Exactly, and you know how it works with the PR companies, they say, “No, we’re waiting for this person to come, we can’t start yet.” Or you receive a phone call that someone else is skipping the show because they’re stuck in traffic and it’s too late. Doing the shows, I think that’s still super exciting, the explosion of the creativity, the moment… But it needs to be more of a celebration. And I wanted to celebrate but instead I was spending hundreds of thousands of dollars for eight minutes of runway time while still being influenced by others.

In which way?

For example I did a show that was inspired by the Cartagena Tennis Club in Colombia — imagine Pablo Escobar playing tennis on a weekend. I was going to play tennis myself during the whole show and I trained for five months for that moment! But the sales team said that if I did it, people would only be writing about me playing tennis, no one would write about the clothes. So I cancelled the whole tennis thing. But then after a year and a half, I regretted that decision so much. It was a great show but that moment would have stood in people’s minds. I realized that when I start to listen to others more than myself, that’s when I think I started losing my passion towards it. I needed to regain control and that was only possible by resetting everything. No more PR agencies, no more shows, no more shops, no more anything.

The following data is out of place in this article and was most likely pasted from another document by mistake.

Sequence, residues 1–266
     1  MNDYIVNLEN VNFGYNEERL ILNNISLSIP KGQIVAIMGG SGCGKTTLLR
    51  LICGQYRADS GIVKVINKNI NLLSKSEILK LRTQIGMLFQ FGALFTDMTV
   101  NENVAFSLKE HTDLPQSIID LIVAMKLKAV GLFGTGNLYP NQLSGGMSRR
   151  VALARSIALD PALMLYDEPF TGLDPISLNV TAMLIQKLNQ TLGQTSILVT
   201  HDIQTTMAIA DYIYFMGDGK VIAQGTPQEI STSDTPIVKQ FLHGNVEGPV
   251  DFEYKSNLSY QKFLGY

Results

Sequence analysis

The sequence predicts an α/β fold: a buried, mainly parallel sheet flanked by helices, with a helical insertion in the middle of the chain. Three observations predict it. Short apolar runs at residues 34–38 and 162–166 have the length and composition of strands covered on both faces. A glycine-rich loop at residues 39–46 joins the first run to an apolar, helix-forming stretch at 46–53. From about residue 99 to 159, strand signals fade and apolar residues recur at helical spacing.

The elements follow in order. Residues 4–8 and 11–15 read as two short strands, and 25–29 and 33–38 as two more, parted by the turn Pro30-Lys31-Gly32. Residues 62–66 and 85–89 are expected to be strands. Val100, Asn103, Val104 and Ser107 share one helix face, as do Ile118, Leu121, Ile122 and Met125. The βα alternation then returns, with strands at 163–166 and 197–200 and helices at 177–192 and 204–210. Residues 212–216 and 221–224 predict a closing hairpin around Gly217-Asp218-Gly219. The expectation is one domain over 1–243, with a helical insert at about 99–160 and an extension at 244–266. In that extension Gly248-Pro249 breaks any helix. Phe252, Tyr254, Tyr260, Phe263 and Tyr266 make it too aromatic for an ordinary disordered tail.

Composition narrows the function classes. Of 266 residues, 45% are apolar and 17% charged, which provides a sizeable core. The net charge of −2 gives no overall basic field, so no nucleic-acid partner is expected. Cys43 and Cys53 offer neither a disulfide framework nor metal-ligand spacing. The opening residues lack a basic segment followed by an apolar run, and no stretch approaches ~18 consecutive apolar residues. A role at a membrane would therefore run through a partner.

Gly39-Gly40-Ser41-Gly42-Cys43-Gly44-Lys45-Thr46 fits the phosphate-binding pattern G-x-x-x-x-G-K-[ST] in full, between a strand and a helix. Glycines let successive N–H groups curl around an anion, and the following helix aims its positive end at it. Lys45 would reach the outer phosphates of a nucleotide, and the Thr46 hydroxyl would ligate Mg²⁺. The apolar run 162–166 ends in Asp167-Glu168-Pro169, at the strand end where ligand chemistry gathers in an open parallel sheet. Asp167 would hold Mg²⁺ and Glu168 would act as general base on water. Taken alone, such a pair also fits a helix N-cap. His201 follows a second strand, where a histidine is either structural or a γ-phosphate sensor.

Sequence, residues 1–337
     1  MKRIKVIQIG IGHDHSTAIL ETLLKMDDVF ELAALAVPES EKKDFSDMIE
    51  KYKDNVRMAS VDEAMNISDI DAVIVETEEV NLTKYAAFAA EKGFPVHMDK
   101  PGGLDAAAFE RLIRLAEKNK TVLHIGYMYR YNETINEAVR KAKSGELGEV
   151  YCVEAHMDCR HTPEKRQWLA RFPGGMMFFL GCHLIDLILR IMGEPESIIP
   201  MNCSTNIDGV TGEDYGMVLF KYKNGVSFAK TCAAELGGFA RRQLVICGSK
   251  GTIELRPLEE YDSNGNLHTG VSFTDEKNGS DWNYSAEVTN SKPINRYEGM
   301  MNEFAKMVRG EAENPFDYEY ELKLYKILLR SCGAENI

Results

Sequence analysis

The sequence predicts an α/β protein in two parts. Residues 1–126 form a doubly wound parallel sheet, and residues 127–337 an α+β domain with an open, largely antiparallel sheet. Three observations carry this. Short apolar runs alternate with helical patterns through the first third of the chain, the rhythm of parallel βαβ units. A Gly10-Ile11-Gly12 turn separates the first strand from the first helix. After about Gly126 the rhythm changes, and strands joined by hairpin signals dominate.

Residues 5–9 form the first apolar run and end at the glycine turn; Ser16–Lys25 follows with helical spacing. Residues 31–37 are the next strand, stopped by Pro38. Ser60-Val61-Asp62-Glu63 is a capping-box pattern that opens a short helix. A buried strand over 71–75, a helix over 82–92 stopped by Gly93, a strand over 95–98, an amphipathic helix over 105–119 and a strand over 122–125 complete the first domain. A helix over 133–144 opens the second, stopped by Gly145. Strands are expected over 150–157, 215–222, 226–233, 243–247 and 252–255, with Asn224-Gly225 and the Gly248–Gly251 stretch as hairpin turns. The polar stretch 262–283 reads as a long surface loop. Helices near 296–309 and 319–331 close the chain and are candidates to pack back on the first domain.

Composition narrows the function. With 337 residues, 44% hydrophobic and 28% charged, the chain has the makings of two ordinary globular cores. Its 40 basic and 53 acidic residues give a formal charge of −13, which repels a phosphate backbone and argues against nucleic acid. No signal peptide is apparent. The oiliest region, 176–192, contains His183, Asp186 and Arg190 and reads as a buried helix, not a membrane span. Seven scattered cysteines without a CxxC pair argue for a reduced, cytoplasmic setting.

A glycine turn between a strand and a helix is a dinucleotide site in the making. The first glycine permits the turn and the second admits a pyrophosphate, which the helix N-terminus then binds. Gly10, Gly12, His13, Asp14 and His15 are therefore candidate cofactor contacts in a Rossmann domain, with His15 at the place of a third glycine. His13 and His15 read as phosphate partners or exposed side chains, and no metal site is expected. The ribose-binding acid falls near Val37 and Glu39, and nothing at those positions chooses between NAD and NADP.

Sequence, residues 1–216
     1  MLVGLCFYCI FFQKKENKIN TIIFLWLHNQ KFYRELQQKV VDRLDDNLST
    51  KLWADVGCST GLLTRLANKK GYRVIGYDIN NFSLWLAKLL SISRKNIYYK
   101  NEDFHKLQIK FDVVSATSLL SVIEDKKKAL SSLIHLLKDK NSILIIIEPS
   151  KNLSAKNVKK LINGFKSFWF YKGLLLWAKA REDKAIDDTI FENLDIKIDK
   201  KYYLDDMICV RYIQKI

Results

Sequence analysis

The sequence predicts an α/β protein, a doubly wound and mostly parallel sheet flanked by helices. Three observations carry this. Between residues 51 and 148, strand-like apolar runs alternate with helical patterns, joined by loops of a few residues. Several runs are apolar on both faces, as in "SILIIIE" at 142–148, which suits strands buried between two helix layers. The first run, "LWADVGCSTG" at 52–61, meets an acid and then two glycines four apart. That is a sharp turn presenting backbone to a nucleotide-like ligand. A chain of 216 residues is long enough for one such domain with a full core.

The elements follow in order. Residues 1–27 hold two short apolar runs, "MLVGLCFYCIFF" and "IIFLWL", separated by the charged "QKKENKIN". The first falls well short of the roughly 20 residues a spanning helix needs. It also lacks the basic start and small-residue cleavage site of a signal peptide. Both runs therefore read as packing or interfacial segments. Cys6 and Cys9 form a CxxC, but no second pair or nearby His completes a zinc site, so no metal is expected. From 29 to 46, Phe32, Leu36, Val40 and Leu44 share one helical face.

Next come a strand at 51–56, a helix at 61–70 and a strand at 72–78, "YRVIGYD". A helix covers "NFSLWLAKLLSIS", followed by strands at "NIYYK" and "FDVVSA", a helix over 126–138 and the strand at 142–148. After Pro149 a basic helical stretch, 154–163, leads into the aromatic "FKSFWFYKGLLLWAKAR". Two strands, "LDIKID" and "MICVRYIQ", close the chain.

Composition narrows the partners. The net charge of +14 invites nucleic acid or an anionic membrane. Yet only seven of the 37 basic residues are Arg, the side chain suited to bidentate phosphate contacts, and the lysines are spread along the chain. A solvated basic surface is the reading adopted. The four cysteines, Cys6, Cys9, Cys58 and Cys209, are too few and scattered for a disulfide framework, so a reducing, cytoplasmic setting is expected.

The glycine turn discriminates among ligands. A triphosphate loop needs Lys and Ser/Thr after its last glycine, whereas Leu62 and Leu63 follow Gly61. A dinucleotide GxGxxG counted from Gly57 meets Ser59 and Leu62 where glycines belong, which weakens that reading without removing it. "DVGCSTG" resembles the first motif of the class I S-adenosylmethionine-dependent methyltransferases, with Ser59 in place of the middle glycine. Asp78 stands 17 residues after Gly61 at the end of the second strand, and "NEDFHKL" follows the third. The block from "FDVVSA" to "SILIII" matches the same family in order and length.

“I’m doing things more personally than ever before. That’s who I am and I have never been this happy my whole life.”

Do you work in terms of seasons anymore at all?

I don’t have the Fall/Winter, and Spring/Summer stuff anymore, even on my website. I have new arrivals and all the other stuff but it’s more projects than seasons. I go to production whenever I feel it's ready, not when the industry tells me to. The contracts with the stores have run out now, so I am the only reference for my work. I’m doing things more personally than ever before because that’s what my project is based on, that’s who I am and I have never been this happy my whole life but it was a long road to get here.

Did you ever think about quitting altogether?

No, I’m not going to change my job because I really love clothing. I really love designing. When you’re working within the system, you really only work one month on the collection and the rest is only business. You don’t actually have six months to work on a collection. Now, I’m really so much more creative because I have more time to design, more time to try things. I want to take care of it in my own way.